The Dresden Staatskapelle, which gave an orchestral concert last night in the Kennedy Center Concert Hall, claims a tradition dating back to 1548.
It was not an orchestra then, to be sure; there were no orchestras, as we understand the term, in 1548. But the court chorus that was founded in that year for religious services and festive occasions grew to include an opera company, which needed an orchestra, which began giving purely orchestral concerts. This is an orchestra that can quote praise from Beethoven: "It is generally said that the orchestra in Dresden is the best in Europe."
Last night, with Sir Colin Davis conducting, the Dresden Staatskapelle sounded almost that good, at least for two-thirds of its program. In Haydn's Symphony No. 100 ("Military"), the pace and rhythms were properly sprightly, the tone was rich and beautifully balanced and the joyfully brilliant spirit of the music was caught to perfection.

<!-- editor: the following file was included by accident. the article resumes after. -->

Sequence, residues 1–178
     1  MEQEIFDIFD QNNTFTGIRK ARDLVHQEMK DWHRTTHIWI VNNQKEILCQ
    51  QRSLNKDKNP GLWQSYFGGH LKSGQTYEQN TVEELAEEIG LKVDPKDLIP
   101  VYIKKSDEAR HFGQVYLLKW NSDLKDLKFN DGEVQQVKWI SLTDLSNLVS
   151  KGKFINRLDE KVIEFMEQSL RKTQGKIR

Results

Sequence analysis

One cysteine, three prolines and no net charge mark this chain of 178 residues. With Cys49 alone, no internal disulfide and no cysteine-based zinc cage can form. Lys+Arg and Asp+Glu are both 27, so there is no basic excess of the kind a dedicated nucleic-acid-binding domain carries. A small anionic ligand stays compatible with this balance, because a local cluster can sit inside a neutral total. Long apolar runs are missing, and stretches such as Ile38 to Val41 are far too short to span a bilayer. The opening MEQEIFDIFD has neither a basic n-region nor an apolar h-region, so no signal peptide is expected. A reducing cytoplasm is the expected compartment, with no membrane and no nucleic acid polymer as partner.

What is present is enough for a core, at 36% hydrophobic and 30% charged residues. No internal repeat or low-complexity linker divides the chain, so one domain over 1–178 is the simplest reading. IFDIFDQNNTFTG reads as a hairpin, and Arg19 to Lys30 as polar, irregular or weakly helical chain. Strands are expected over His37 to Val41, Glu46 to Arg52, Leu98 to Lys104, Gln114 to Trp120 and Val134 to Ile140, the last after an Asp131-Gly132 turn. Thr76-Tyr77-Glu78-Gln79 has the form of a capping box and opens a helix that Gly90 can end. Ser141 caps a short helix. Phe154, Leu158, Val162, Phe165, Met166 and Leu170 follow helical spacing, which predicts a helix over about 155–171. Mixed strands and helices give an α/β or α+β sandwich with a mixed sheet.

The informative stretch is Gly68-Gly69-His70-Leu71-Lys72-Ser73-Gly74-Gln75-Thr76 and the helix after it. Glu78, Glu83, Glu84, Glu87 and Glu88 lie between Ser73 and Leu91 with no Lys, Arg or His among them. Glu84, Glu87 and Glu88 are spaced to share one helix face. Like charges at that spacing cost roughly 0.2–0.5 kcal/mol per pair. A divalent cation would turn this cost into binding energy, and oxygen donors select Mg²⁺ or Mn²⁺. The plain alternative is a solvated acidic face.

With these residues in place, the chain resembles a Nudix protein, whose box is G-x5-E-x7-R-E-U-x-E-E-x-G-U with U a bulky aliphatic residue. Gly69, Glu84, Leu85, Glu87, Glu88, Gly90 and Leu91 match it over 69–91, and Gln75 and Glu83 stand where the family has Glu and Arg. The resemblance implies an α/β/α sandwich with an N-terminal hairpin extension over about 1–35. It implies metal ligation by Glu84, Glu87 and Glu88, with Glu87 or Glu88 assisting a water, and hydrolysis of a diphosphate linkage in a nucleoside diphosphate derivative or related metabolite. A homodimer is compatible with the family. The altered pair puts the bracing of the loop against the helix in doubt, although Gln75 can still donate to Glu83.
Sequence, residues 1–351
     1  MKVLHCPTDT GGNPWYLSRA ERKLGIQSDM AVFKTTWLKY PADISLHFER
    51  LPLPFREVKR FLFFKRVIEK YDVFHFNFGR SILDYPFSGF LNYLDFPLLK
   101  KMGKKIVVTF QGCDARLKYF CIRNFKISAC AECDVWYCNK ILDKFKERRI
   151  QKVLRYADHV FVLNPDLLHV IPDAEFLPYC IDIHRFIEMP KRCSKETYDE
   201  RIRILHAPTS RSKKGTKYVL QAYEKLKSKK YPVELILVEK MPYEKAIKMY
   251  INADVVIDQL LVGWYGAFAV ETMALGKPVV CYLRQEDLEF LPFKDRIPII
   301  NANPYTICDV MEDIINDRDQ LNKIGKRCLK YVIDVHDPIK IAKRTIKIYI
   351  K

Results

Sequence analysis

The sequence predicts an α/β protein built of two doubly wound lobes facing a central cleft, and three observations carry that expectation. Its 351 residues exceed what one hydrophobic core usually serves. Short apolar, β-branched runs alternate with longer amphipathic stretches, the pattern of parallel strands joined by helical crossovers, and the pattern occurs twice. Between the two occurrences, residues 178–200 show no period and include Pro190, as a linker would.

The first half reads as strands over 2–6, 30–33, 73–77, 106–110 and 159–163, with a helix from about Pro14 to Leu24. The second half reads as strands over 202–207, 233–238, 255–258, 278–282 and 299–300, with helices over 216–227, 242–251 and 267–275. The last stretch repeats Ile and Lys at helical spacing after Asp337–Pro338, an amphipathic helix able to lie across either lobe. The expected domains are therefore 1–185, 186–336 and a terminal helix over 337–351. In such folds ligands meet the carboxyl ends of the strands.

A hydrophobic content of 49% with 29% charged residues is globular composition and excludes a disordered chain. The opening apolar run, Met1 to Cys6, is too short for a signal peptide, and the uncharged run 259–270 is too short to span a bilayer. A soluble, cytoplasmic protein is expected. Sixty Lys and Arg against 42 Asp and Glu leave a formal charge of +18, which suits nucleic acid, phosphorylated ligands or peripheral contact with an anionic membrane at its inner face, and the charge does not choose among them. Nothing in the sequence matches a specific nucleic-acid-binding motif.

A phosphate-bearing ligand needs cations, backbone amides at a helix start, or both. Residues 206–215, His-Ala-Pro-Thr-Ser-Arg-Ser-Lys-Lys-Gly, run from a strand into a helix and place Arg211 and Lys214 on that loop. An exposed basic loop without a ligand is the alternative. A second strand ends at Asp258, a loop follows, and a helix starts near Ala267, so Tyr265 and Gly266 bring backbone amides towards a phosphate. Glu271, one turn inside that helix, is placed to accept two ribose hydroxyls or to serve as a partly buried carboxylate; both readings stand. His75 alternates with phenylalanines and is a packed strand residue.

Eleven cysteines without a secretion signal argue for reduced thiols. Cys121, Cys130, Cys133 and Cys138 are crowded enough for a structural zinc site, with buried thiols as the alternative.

The same was true in "Till Eulenspiegel," in which Richard Strauss is even more inventive than Haydn, and his delight in instrumental colors combines ideally with his talent for making music seem pictorial. In both works, the transparency of violin tone gave the wind instruments more presence than they often have in American orchestras. This is totally appropriate.
The Second Symphony of Jan Sibelius was impressive. But in a hall where it has been played by such orchestras as the Philadelphia, the Dresden sound seemed a bit lacking in muscle for the climactic moments when the audience must be blown out of its seats. The ensemble sound was also a bit fuzzy at times, particularly in the first movement, whereas it had been a model of clarity in the two Germanic compositions. It might have been wiser for the orchestra to have played Beethoven's Seventh Symphony, which had originally been scheduled.